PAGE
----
Now shipping at 2GHz+!
The war between Intel and AMD heats up a bit today, as AMD unleashes a pair of new processors: the Athlon XP 2400+ and the Athlon XP 2600+. Yes, you read that correctly, AMD's model numbering scheme has ratcheted up 400 points….places….spots…? To be honest, we're not quite sure what to call it. One thing's for sure though, it certainly isn't megahertz. The Athlon XP 2400+ actually operates at an even 2.0GHz, while the Athlon XP 2600+ clocks in at 2.13GHz. Based on AMD's old numbering scheme, these chips should be designated as XP 2700+ (in the case of the Athlon XP 2600+) and XP 2500+ (for the XP 2400+). So what gives?
What's in a name?
Quite simply, AMD has changed the formula for these newer Thoroughbred parts. As we've all noticed, Intel hasn't had any problems ratcheting up the clock speed on its Pentium 4 processors. And as the Pentium 4's clock speed increases, so does its memory bandwidth to its L2 cache. This is also the case for the Athlon XP, but keep in mind that while the Pentium 4 has a 256-bit L2 cache that transfers data on each processor clock, the Athlon XP has a 64-bit L2 cache that transfers data every eight clocks. What does that mean in terms of bandwidth?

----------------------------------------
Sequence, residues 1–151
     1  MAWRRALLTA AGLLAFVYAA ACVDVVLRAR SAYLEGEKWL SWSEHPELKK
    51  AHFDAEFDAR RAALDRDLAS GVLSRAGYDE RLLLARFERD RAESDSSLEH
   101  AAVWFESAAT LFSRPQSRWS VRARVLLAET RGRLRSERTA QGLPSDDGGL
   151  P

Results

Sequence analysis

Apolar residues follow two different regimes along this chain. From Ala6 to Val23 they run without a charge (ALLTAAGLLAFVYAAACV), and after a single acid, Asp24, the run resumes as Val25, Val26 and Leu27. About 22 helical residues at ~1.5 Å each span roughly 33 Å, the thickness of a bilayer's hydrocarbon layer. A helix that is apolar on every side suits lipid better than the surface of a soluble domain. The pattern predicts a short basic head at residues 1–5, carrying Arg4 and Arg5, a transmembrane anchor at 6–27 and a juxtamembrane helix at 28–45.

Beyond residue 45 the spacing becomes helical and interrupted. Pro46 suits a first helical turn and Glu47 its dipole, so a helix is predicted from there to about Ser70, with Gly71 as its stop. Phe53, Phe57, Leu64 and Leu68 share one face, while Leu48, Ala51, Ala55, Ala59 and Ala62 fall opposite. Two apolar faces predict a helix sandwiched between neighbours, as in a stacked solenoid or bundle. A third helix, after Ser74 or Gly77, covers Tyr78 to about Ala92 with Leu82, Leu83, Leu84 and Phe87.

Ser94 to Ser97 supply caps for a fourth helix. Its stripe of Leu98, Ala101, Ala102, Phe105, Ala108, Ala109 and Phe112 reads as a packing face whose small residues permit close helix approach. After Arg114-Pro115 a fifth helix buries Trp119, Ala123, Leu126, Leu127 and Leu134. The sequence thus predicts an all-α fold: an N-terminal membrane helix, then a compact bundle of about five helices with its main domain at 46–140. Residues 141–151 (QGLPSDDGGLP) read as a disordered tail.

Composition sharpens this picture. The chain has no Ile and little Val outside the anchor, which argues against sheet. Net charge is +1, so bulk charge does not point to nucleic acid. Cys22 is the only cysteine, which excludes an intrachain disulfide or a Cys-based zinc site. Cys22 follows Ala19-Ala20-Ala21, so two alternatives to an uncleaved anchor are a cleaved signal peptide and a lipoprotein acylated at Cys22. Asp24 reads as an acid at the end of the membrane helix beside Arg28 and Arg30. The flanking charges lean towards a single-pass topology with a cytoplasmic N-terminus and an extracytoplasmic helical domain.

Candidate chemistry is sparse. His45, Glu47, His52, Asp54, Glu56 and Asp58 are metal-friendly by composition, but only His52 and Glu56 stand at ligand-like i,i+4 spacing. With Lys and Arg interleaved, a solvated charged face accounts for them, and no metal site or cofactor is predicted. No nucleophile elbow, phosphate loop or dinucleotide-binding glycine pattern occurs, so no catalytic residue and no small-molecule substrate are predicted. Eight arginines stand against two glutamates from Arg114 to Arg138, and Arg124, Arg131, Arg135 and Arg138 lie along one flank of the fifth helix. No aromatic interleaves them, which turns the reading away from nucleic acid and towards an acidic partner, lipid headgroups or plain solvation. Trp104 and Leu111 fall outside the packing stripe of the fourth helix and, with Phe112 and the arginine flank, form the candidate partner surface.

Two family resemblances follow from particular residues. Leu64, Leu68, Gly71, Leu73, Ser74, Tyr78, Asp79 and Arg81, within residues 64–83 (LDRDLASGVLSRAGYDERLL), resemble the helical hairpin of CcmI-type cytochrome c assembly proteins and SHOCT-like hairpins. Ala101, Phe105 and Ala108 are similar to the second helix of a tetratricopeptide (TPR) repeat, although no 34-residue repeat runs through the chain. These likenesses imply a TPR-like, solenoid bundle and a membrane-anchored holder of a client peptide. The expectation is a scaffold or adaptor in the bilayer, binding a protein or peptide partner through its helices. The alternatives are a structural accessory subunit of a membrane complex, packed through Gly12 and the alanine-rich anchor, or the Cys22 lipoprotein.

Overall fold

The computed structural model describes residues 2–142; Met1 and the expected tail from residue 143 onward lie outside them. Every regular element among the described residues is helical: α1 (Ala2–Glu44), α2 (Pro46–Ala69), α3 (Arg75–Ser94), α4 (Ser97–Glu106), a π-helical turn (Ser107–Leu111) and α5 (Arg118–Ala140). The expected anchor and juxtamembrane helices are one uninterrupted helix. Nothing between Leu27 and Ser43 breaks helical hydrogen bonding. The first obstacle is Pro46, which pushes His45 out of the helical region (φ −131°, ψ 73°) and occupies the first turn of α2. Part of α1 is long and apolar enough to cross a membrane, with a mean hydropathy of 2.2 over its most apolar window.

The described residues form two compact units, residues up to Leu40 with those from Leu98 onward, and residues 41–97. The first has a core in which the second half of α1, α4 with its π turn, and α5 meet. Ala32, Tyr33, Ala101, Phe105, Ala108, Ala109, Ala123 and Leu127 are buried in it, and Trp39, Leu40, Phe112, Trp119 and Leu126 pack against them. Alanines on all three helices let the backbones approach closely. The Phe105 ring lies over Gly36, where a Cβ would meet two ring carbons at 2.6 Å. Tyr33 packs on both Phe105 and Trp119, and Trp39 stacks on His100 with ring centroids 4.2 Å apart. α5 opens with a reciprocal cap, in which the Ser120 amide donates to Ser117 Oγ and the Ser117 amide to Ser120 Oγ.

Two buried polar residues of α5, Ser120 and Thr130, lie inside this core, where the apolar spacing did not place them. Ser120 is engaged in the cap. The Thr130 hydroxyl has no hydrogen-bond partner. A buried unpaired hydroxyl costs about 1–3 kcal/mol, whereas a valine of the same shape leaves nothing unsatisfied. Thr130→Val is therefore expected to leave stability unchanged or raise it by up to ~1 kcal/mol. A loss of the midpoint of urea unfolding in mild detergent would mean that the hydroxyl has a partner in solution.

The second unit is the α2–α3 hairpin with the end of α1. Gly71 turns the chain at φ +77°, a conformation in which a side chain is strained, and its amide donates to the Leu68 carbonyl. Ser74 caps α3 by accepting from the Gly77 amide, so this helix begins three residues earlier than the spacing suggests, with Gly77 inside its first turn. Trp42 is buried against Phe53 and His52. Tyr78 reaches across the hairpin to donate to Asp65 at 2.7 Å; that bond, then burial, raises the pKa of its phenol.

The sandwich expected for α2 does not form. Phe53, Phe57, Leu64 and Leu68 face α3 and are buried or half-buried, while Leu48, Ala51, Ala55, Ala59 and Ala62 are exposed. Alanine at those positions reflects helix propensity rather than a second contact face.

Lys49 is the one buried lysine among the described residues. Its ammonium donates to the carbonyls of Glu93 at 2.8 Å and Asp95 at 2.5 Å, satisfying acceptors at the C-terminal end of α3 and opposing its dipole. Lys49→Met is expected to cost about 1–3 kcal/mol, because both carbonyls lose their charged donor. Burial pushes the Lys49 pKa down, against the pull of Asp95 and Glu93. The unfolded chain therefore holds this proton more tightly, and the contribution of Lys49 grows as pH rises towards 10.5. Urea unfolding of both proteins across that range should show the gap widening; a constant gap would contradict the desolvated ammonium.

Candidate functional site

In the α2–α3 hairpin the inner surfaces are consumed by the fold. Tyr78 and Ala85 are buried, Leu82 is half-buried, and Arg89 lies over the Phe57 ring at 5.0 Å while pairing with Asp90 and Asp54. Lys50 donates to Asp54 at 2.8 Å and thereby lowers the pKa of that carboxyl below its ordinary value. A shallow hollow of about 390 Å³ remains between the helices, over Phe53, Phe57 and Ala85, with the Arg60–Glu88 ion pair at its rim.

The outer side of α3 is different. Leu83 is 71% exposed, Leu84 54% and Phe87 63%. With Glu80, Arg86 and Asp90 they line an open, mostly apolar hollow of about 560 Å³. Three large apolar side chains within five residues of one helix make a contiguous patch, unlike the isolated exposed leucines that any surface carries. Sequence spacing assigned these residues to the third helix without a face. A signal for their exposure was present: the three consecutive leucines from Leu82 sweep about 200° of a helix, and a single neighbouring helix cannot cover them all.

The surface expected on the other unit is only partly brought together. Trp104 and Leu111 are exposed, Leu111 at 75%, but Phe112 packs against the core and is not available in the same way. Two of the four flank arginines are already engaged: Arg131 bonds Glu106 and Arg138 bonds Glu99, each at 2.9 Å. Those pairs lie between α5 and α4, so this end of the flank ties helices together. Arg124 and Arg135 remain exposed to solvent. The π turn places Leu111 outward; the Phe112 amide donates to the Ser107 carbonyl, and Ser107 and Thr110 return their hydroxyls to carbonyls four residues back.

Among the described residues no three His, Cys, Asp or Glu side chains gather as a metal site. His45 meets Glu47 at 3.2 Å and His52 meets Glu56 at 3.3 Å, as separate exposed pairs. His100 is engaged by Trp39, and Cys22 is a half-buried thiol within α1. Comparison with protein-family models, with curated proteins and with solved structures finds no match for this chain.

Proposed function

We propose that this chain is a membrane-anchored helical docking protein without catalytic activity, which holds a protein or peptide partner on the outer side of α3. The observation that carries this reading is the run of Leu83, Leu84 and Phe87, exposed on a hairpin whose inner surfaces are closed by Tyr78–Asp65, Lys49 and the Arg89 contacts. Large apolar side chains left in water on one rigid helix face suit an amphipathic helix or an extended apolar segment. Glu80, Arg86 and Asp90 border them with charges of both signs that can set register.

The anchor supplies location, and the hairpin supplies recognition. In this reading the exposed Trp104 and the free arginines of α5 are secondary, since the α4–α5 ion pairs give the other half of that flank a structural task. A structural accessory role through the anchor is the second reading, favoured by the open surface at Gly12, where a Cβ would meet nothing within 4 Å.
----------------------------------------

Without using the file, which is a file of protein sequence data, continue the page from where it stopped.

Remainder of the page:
At 2.13GHz, the Pentium 4's cache would offer over 68GB/sec of bandwidth. The Athlon XP 2600+ on the other hand is working with just 8.5GB/sec bandwidth. Knowing this, you begin to see why Intel's Pentium 4 has really begun to put the heat on AMD's chips. Couple that with the Pentium 4's new 533MHz bus and 1066MHz RDRAM and things become even more overwhelming.
In order to keep up with these developments, AMD must have felt compelled to do one of two things: implement new performance-enhancing features in its Athlon XP line or adjust its model number system. Back when the model scheme was originally introduced Pentium 4's were based on Intel's 400MHz system bus with 256K L2 cache. Today both of these features have been enhanced.
AMD chose the latter solution for now at least, but we're still keeping our fingers crossed for AMD to crank up the performance in ways other than increasing clock speed. Rumors suggest that AMD will be implementing a 166MHz (effectively 333MHz) bus soon on its Athlon XP line, but we'd also like to see the Athlon XP's narrow 64-bit L2 interface widened to 256-bits. After all, even Intel's Pentium III processors had a 256-bit interface, and we all know how Athlon fared against it.
But anyway, lets take a closer look at today's new chips!